Tax exclusions follow revaluation

With Mecklenburg County planning to send notices of new property values within the week, now is the time different tax exemptions.

North Carolina allows for several exclusions for those with low-income, who are disabled veterans or seniors. For relief for 2011 property taxes, applications for an exclusion must be postmarked by June 1. For more information on the exclusion, call 704-336-7600 or visit.charmeck.org.

• Low-Income Homestead Exclusion.

Residents who qualify, can receive an exclusion of either $25,000, or 50 percent (whichever is greater) of the tax value of your residence.  To qualify, residents’ must be a North Carolina resident that is at least 65 years old or permanently disabled.

• Disabled Veterans Homestead Exclusion.

North Carolina excludes from property taxes the first $45,000 of assessed value.

To qualify, residents’ must be an honorably discharged veteran who has a 100 percent total and permanent disability that is service-connected or be the unmarried surviving spouse of a qualifying veteran.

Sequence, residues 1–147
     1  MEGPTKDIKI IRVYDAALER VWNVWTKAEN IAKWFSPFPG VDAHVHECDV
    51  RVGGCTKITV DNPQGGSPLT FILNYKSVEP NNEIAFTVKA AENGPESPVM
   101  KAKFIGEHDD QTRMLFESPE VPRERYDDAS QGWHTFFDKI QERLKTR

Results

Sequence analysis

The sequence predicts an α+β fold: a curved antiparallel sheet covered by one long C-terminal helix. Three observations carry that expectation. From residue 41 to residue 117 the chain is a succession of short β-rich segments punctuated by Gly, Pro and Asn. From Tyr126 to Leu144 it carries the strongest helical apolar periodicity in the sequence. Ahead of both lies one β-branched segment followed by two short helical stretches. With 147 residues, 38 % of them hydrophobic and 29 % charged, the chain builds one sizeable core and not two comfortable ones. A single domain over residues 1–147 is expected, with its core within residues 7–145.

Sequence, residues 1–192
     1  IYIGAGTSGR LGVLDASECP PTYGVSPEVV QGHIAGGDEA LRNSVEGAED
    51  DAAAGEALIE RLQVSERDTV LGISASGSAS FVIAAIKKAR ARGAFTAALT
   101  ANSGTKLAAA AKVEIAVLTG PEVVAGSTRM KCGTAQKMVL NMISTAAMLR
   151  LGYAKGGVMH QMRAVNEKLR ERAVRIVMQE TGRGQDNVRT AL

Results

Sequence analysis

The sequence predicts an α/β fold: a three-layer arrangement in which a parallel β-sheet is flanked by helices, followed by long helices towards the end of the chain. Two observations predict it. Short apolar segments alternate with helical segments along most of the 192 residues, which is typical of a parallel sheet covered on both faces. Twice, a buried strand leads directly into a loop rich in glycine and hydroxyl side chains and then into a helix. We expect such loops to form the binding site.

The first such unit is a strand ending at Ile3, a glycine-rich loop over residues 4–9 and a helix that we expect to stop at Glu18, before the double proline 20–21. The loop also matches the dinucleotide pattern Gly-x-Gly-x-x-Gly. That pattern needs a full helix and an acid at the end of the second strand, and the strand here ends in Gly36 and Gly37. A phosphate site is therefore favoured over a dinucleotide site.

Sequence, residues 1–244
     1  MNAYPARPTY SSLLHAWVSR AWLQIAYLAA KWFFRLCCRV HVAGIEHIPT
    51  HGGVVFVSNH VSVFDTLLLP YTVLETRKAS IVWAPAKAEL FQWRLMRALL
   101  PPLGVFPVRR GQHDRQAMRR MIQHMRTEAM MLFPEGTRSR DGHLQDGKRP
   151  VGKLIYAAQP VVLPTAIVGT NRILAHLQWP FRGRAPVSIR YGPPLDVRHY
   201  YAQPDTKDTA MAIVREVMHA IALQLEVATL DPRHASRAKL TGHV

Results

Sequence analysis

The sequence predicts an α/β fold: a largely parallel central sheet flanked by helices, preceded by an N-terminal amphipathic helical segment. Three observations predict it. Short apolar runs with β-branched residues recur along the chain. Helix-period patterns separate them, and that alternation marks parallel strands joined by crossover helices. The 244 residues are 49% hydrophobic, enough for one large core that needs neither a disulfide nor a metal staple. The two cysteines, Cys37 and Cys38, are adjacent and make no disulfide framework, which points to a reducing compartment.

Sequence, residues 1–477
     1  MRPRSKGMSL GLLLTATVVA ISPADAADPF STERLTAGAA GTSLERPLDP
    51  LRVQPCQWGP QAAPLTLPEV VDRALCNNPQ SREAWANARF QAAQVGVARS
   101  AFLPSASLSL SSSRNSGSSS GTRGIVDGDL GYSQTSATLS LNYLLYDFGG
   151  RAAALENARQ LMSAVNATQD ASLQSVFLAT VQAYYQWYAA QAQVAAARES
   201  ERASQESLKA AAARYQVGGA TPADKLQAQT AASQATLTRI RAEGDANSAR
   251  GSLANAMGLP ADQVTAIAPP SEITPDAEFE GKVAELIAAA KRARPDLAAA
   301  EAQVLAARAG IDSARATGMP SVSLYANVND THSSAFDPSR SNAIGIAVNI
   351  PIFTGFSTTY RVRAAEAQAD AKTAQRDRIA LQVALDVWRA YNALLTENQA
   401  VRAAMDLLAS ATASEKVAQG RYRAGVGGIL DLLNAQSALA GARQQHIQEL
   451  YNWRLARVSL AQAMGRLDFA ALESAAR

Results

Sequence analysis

• Circuit Breaker Exclusion

This program is available for elderly or disabled homeowners whose income is to high for the Homestead Exclusion.

To qualify, residents must meet the Homestead Exclusion’s age or disability requirements, have owned and occupied their residence for five years and be a North Carolina resident.

The county’s tax assessor’s office is preparing to finish a year-long study of the area’s property values eight years after the last revaluation and three years after the country’s real estate market plunged.

The state requires the assessor’s office to perform the revaluation every eight years to realign assessed values with how homes are actually selling. The county initially planned its revaluation two years ago, but postponed the operation during the recession.

Overall property owners will mostly likely see an increase in their property values, Alexander said, and the county can expect a 6 to 7 percent increase in its tax base. But that doesn’t necessarily mean they will see a huge increase in their tax bill. That’s because the tax assessor doesn’t set property taxes but rather the county, city and town boards make those decisions.

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